A colleague at work who had worked in publishing introduced me to Duckbill. She specifically mentioned the title Talking of Muskaan and went on to tell me what it was about. I was hooked, but decided to read it first because of the themes it addressed—bullying, peer pressure, homosexuality and suicide. While parenting wisdom told me that she may be a bit young for it, my instinct told me otherwise. As usual, it was right.
TALKING OF MUSKAAN BY HIMANJALI SANKAR. (PHOTO: GOODREADS)
Muskaan gently eased our family into becoming properly young adult in our day-to-day conversations. Not that much was off the table until then, but now, everything was kosher because such important themes had been articulated into a book written for her age group. My younger son, Yuv, who seemed to have some knowledge (hearsay, obviously) on some of these topics was part of these chats too, and I believe this has impacted my children’s book choices. The genres on their bookshelves (wooden and on the cloud) can be broadly classified into queer lit, detective stories, graphic non-fiction, science and music-related, history, biographies and comics. Harry Potter is a perpetual go-to, and never loses its place by their bedside.
We’ve read many other Young Adult fiction and non-fiction titles including Dear Mrs. Naiduby Young Zubaan,  Invisible People by Duckbill, Mostly Madly Mayil by Tulika, and Turning the Pot, Tilling the Land by Navayana. These books cut across themes including sexual harassment, privilege, caste distinction, and legal issues and rights, and frame discussions for teens in a non-didactic manner. I often wish that I had had access to such titles growing up. I would’ve loved to read books that spoke to the confusion in my mind from the half-baked conversations I had as a teen rather than moving straight up into the Pandora’s box that was adult fiction, or to the then mostly incomprehensible world of adult non-fiction. The young adult genre gently bridges the leap from children’s to adult’s books by introducing themes that might have been found under non-fiction earlier, but in a sensitive and accessible manner. In addition to making for good reading and more informed teens, I believe that they can influence important future decisions related to education and possibly work choices too.
Aditi is now compiling a young reader’s list for the public reference library at my workplace, the Indian Institute for Human Settlements (IIHS) in Bengaluru. First on the list were a host of Duckbill titles, but many of the suggestions she has continued to make are based on her own interests which keep varying based on reading circle discussions with friends, internet wisdom, and book reviews she’s recently read. The internet has been a game changer in how we find new authors and publishers, especially international ones such as Haymarket Books and Verso Books. The randomness of retweeting ensures that tweets reach a larger circle of non-followers too. So not only do we find out about new books, but they also come with recommendations of a friend’s friend’s cousin’s relative (who may be a publisher, reviewer or anything else book-related). And of course, the best part about e-books is that there is no import duty and shipping cost, and they go on sale for a dollar at least once a year! So our kindle collection has continued to grow, although we still prefer holding a ‘real’ book for the most part.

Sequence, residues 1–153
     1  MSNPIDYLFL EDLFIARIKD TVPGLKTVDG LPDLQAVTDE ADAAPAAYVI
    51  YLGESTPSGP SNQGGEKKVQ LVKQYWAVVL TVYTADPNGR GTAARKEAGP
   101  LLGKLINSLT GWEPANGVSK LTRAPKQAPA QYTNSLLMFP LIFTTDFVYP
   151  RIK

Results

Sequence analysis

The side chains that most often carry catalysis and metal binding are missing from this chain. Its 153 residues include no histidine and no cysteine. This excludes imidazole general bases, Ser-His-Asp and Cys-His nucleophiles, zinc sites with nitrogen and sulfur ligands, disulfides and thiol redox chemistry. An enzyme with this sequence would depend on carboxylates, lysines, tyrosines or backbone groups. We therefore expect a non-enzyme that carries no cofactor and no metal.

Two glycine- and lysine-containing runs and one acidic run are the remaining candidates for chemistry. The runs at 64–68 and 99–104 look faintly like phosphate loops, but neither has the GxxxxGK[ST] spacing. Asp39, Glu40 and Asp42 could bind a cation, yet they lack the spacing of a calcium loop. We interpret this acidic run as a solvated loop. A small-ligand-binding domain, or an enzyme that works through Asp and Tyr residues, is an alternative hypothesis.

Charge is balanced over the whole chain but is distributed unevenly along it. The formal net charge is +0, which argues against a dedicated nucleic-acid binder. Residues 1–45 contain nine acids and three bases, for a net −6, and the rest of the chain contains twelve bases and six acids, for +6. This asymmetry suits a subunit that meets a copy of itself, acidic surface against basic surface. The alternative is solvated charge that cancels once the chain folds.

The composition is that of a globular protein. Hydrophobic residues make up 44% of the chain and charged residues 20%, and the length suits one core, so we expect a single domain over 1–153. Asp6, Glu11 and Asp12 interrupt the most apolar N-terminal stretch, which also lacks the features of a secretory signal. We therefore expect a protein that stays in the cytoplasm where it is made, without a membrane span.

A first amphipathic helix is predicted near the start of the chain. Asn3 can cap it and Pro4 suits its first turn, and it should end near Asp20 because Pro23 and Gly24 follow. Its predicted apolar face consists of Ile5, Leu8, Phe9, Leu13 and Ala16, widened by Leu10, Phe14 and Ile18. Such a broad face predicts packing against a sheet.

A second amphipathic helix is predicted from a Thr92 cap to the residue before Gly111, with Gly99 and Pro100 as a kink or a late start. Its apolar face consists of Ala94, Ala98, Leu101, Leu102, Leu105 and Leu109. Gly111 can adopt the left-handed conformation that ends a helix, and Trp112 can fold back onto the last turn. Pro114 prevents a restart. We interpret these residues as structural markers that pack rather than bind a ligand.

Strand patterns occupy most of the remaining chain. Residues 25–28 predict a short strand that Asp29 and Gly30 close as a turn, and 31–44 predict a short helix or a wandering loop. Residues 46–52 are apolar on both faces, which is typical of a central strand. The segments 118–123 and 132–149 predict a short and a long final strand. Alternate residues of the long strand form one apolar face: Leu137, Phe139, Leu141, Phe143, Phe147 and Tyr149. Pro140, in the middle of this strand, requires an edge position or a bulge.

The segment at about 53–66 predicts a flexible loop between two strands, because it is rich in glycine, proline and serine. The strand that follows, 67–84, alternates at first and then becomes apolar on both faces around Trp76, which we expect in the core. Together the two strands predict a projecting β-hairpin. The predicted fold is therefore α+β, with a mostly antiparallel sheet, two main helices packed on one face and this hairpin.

ILLUSTRATION BY ALIA SINHA
On a recent holiday to the US, which included visits to many tourist traps, I was anxious about the possible damage to my wallet at Universal Studios. The 12 dollars spent on Hogwarts’s lapel pins wasn’t a patch on what we collectively spent at bookstores buying graphic non-fiction, Japanese manga, feminist literature for young adults, and biographies of certain musicians. We went to bookstores and discount book shops in every city that we visited, and the public libraries too. The children were wowed by the collections that were housed and the friendly and accessible manner of the librarians and staff. What amazed them the most, however, was that the libraries were spaces of public engagement, where the ‘quiet reading section’ was the only quiet part in the entire large space. There were ongoing exhibitions, planned activities, and throngs of people—many tourists, such as ourselves — who were just walking around, browsing freely and chatting animatedly.
As thrilled as I was with their reactions, I was equally troubled by something. They had never visited any public libraries in India. Although Bengaluru has a few, we had never been inside any other than the library at my workplace. We do go to children’s specific bookstores such as Lightroom for the occasional activity, and a host of others bookstores in Bengaluru such as Blossom Book House, Bookworm, Select Bookstore and Goobe Book Republic which serve as browsing spaces, libraries and more. I suppose having access to a variety of books across genres one floor above where I sit reduces my need to engage with a public library. And for those who don’t have access to a library at their workplace or near their homes, buying books is easier than ever these days, and not that expensive either.